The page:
MRR Review: "C.O.G."

Photo Credit: Screen Media Films

MRR Review: "C.O.G."

Rating: R
Length: 88 minutes
Release Date: September 20, 2013
Directed by: Kyle Patrick Alvarez
Genre: Comedy, Drama

On paper, David Sedaris is a truly funny guy. On the radio, he is uproarious. However, "C.O.G." proves that film might be the comedian's Achilles' heel. The movie is the first screen adaptation of Sedaris' writing. With so many expectations riding on it, perhaps it's no wonder that the comedy falls a little flat sometimes. Nonetheless, "C.O.G." is a slyly entertaining tribute to the memoirist's comedic talent. In addition, director Kyle Patrick Alvarez takes the subject matter and makes it his own. The result is a movie that both respects and slightly transcends its source material.

The plot draws its inspiration from an autobiographical piece of the same name in a 1997 collection of Sedaris' essays. Young David (Jonathan Groff) is a Yale student seeking the deeper meaning of life. Though he possesses a sharp wit and an enviable education, David wants to truly experience the world and get his hands dirty. With this goal in mind, David boards a bus and heads into the Pacific Northwest. Here, he hopes to find spiritual fulfillment by working on an apple farm over the summer. He also plans to gain some source material and emotional resonance for his future writing career.

Although he apparently expects to be a hit with his honest, unpretentious fellow workers, David soon finds that the other farm employees refuse to fit his expectations of salt-of-the-earth people. Instead, they have their own worries and problems. One of their problems is David, who makes no effort to hide his arrogance and the fact that he comes from a much different world. To these workers, David is not the poetic, interesting figure he thinks he is. He's just another guy making their jobs that much harder and their long days that much more irritating.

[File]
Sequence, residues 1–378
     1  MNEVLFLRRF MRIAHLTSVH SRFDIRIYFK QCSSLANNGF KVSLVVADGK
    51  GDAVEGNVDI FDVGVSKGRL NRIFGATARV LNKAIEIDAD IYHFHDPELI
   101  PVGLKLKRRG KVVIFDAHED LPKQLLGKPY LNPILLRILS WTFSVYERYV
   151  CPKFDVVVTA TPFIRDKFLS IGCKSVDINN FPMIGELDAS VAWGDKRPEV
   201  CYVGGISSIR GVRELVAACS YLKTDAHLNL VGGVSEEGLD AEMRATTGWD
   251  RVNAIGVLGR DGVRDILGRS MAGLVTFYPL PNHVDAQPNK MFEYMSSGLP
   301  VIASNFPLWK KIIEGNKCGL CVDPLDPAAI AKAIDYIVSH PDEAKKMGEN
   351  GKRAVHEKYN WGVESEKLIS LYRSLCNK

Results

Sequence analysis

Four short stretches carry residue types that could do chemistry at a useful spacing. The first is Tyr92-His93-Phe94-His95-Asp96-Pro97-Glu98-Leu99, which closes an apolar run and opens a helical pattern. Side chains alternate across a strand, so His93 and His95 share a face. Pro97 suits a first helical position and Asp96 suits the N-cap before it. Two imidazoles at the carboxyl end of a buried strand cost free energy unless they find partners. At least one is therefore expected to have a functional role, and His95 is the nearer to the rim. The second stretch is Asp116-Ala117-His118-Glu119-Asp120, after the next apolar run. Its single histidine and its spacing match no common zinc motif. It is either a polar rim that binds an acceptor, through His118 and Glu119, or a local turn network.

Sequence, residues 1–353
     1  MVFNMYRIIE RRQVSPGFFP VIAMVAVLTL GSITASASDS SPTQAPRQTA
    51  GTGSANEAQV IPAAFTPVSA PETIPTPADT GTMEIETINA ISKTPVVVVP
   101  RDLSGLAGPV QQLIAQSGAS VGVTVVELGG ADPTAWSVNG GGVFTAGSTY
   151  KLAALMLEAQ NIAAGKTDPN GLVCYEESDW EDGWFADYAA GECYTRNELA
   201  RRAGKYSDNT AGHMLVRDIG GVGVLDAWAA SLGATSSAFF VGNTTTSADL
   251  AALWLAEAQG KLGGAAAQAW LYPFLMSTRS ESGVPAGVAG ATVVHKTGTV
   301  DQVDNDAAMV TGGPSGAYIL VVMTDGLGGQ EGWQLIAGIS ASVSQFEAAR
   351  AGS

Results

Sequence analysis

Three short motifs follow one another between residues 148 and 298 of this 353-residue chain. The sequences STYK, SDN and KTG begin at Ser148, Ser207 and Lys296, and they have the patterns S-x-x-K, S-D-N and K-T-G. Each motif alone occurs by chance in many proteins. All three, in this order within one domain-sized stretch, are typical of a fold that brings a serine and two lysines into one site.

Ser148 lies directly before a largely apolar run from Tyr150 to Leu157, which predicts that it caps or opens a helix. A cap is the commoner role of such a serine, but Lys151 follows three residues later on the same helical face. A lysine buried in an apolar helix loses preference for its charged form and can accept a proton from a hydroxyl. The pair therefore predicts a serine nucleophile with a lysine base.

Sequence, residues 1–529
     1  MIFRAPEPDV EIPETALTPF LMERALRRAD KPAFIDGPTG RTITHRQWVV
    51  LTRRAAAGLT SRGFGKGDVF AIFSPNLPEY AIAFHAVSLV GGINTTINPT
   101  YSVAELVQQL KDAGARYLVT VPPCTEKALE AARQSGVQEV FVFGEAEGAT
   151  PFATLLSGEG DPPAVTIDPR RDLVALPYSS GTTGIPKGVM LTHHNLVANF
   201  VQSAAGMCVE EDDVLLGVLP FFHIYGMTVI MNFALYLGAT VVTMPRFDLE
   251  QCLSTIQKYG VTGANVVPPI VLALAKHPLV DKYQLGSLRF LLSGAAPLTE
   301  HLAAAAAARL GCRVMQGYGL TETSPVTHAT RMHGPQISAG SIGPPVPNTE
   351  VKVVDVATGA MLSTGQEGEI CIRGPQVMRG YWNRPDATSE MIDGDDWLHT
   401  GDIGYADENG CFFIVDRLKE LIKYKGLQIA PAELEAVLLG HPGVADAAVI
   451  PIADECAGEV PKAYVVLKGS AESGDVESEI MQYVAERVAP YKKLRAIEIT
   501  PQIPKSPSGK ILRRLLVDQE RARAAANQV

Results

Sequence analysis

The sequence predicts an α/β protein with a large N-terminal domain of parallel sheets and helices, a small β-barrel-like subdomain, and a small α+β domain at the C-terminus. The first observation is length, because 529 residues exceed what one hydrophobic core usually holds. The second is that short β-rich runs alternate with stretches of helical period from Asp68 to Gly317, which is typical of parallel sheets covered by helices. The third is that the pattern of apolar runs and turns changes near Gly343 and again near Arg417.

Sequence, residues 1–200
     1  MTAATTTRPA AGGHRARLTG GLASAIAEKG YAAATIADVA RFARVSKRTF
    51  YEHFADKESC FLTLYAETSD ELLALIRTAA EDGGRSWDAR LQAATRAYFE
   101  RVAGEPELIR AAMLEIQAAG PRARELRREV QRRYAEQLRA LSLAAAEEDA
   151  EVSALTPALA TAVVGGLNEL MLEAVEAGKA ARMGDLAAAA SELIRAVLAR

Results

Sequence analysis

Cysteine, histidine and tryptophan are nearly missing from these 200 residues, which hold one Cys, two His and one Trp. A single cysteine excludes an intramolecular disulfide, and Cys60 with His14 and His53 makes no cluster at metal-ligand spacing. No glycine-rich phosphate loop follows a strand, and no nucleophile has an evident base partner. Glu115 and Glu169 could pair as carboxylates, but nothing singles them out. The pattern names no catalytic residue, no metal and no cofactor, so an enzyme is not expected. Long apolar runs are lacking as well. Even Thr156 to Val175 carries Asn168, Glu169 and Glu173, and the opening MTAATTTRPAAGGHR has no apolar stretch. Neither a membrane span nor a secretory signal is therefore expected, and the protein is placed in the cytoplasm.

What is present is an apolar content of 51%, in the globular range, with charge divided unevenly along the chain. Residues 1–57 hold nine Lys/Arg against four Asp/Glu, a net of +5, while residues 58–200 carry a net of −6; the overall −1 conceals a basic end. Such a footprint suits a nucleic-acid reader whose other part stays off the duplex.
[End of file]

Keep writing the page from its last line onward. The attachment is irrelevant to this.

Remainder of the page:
Eventually, the fish out of water starts to find some allies. One of David's new friends is Curly (Corey Stoll), a forklift operator. While Curly initially seems like a kindred spirit, their friendship takes some unexpected twists and turns. A little further down the road, David meets Jon (Denis O'Hare), a war vet who now spends his time discussing Christianity with anyone who will listen. Though Jon seems an unlikely mentor for a cynical soul like David, the street preacher ends up taking the young man under his wing. By this time, David's cocky assurance is starting to crumble a little. He may be succeeding at finding himself, but the self he found is not who he expected.

The protagonist's emotional journey is the bright spot of the movie. Funny and dark by turns, the plot captures Sedaris' signature poignancy. Initially, David treats the working class world like a tourist spot, a landscape he can enter and leave at will. He treats self-actualization like a souvenir he might purchase at the end of a vacation. Alvarez occasionally struggles when it comes to portraying David's relationship to the world around him. While the film highlights David's pretentiousness and cluelessness, it also rewards his snotty behavior. The other characters in the film can too often become flat stereotypes, such as the over-zealous "Jesus freak" on the bus. When David tells the man the Bible is "poorly written," it's hard to say whether this is supposed to be a witty comeback or a moment where the audience realizes how cold-hearted David can be.

The fact that David is likeable is probably more due to Groff's skills as an actor than Alvarez's treatment of the source material. It may also be due to the lingering spirit of David Sedaris himself. The character of David chooses "Samuel" as a pseudonym, but it's difficult to forget that he's a thinly fictionalized version of young Sedaris. Although Sedaris can be acerbic to the point of cruelty, he's also endearingly wry and self-deprecating. Between Sedaris' lovable wit and Groff's youthful, unassuming ambiance, David ends up being a surprisingly sympathetic protagonist.

The big question is whether "C.O.G." is more likely to appeal to existing Sedaris fans or to audience members who are unfamiliar with the writer. Fans of Sedaris already have a feel for his brand of humor and know what they're getting into. At the same time, Alvarez departs from the spirit of Sedaris' written work and adds his own flourishes. High expectations might lead to some disappointment. Audience members who go in with a blank slate are perhaps even more likely to enjoy the film's unique brand of humor. Ultimately, though, both old fans and new will find a lot to love in this wry, heartbreaking, and sweetly cynical movie.

Rating 2.5 out of 5 stars